Water hogs, beware.
The Los Angeles Department of Water and Power agreed Wednesday to study ways to curb excessive water use after the City Council called for a crackdown that could include “severe financial penalties” and “as a last resort, shutting off water.”
Amid the epic drought, there have definitely been some hoses running — and running and running — in Koretz’s district, which includes Bel-Air, where four of California’s top five single-family residential water users live, according to the Center for Investigative Reporting.
Koretz has said he was horrified to learn that the single biggest water user in the state lives in Bel-Air, sucking up about 1 million gallons a month (enough for 90 average households).
In a council meeting Wednesday, Koretz went for the dramatics, propping a trash can up on a table next to two coffee mugs to represent the difference in consumption between that person and the average water user. He said he was “taking responsibility for the extravagant and embarrassing use of water in my district.”
“It’s a slippery slope to move toward a time where water is only for those who can most afford it,” Koretz said.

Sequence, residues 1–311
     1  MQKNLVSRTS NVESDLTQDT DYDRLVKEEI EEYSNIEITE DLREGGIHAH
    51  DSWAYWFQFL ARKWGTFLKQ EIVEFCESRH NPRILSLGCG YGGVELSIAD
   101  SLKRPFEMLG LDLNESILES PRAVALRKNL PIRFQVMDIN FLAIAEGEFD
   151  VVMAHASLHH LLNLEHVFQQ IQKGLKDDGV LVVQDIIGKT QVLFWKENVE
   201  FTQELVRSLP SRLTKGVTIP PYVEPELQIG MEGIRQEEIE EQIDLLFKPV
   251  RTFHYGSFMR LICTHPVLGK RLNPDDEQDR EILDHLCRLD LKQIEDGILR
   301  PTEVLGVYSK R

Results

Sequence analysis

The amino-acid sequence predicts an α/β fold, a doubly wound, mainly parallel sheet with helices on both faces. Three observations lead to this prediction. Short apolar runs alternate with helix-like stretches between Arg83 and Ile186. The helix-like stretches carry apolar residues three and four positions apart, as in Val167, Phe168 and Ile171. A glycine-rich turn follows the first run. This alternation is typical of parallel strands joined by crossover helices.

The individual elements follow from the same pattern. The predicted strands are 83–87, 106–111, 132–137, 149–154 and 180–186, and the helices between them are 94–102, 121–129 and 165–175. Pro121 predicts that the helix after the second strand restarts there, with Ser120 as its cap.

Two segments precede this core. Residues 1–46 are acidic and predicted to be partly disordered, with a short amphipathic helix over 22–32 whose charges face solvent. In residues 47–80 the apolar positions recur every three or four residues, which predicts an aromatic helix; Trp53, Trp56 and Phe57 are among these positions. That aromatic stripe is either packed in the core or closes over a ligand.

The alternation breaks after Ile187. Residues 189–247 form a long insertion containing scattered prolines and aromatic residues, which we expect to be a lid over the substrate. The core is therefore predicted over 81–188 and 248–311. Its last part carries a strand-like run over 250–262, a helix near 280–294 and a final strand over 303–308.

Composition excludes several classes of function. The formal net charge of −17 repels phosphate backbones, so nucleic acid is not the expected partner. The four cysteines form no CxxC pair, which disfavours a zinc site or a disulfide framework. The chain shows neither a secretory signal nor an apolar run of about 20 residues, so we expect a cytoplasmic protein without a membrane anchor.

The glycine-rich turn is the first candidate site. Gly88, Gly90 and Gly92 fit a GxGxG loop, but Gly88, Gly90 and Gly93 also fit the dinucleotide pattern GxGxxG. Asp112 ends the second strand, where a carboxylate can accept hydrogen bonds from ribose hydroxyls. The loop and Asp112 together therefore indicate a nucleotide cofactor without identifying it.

“I don’t care what else you do in these mansions, but when hard-working Angelenos from all walks of life are ripping out their lawns, putting buckets in their showers with them in order to water their plants and flushing their toilets only once a day, it’s not only unfair, it’s ridiculous.”
He said the elusive biggest water user remains unknown but guessed what he or she must be like.
“I’m assuming they have four swimming pools, they empty them out with frequency, they have non-recirculating fountains and they have a giant property full of grass that is watered on a daily basis,” he said.
Koretz proposed steep water penalties and, if those don’t work, a water-use cap that, if reached, would result in water being shut off.
LADWP water system manager Marty Adams said the issue of individual water waste by flagrant users “is something we have to find a way to get our arms around.” The department, he said, has tried outreach, sending out 4,600 letters to the top 1% of their water users and has upped patrols of high-use areas, “but clearly not everyone is getting the message.”
Adams said the city still imposes conservation rules that were written 15 years ago, before there were “so many mega-properties and mega-users.” While a “large water bill doesn’t necessarily mean waste,” officials will look into changing conservation ordinances and better ways to measure water use, Adams said.